Today’s passage: Psalm 94
Today’s chocolate: Theo Orange 70% Dark Chocolate
This past summer, Switchfoot released their 10th studio album, Where the Light Shines Through. If you’ve been following this blog for any length of time, it will come as no surprise that I’ve been eating the album up. For the past 20 years, Switchfoot has consistently delivered great rock with thoughtful lyrics that I can’t help but quote every other post. Today’s psalm reminded me of a line from their song “The Day I Found God:” “They’re saying maybe you made us then forgot us, but that ain’t you.”
Switchfoot lead singer Jon Foreman is referring to his own internal monologue with that line, but the unnamed psalmist in Psalm 94 hears the same message from the voices outside his head. He reports, “They have said, ‘The Lord does not see, nor does the God of Jacob pay heed'” (7). Even in the modern world, it’s a familiar idea, one that you’ve probably heard expressed in some form or another, perhaps one you’ve wondered about yourself. But these people see God’s alleged absence as license to do whatever they want: “They slay the widow and the stranger and murder the orphans” (6). They oppress the psalmist’s people with the expectation that no deity will deliver them justice.
The psalmist defies these evildoers with conviction. He asks: “Pay heed, you senseless among the people; and when will you understand, stupid ones?” (8) These are the same words we saw in Psalm 92: “senseless” is the Hebrew ba’ar, and “stupid” is kesil. You’re an idiot if you think you can trample over God’s people and get away with it, the psalmist contends. Still, I can’t help but wonder what he would say if he could look through time and see the atrocities committed against the Jewish people in World War II. What sort of Holocaust theology would he propose? Would he still say, “For the Lord will not abandon His people, nor will He forsake His inheritance?” (14). Honestly, something tells me he would, despite the challenges to faith of the 20th century.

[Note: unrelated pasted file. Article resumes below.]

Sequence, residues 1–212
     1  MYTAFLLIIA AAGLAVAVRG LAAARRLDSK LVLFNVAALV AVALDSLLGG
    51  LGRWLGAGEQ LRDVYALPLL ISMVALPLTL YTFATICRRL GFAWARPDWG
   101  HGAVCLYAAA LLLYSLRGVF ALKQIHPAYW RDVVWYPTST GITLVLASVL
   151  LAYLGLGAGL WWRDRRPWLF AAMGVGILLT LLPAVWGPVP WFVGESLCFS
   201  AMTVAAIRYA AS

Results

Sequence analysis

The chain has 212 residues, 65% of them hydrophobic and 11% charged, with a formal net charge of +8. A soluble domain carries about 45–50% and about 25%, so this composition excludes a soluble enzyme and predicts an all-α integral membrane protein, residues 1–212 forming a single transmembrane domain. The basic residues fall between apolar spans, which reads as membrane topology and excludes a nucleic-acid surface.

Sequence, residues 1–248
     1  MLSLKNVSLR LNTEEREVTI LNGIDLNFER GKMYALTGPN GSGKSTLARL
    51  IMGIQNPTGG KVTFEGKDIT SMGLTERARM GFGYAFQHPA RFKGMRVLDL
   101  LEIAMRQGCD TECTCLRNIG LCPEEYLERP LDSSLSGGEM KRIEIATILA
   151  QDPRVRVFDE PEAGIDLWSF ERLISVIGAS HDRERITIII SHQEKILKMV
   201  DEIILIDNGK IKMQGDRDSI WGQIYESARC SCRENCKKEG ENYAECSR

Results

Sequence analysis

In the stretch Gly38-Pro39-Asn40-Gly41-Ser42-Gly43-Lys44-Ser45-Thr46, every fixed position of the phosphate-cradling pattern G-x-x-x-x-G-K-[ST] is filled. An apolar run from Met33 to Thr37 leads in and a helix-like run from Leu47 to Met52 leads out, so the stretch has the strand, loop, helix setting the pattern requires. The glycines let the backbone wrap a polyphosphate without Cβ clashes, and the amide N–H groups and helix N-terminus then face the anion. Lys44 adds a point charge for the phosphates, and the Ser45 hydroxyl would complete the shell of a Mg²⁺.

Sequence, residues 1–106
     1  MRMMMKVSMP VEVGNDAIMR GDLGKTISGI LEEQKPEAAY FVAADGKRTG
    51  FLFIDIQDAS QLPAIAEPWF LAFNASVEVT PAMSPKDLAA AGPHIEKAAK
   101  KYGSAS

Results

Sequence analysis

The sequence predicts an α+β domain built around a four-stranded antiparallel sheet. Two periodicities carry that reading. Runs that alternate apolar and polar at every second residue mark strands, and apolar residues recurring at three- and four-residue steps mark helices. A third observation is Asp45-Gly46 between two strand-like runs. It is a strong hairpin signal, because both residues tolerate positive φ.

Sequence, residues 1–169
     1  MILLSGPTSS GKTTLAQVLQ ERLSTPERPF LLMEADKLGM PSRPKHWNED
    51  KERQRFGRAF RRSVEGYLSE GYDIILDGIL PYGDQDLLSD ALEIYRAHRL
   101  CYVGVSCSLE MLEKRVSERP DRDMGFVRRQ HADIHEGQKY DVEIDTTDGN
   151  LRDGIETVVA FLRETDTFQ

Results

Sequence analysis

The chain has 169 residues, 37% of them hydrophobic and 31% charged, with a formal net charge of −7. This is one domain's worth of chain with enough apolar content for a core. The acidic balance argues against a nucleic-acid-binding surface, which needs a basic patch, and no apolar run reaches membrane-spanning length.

After all, he’s certainly aware that everyone dies. His countrymen are dying around him, as we’ve already seen in verse six. Moreover, he notes, “The Lord knows the thoughts of man, that they are a mere breath” (11). On God’s timetable, everything going on in our heads is here and gone in the time it takes to exhale. The psalmist might mourn the death of six million, he would likely be angry, but he would stand by his words: “But the Lord has been my stronghold, and my God the rock of my refuge” (22). As long as the Lord preserves a remnant of his people, no single loss of life, whether by violence or natural causes, can make this man abandon the God who never abandoned him.
Got a new chocolate today: Theo Chocolate’s orange bar. I’m usually not a huge fan of fruit in my chocolate, as I find it distracts from the flavor, but the tart of the orange is a great complement to the bite of a dark chocolate bar. I’m looking forward to eating more of this stuff, as it may be my favorite bar from Theo yet.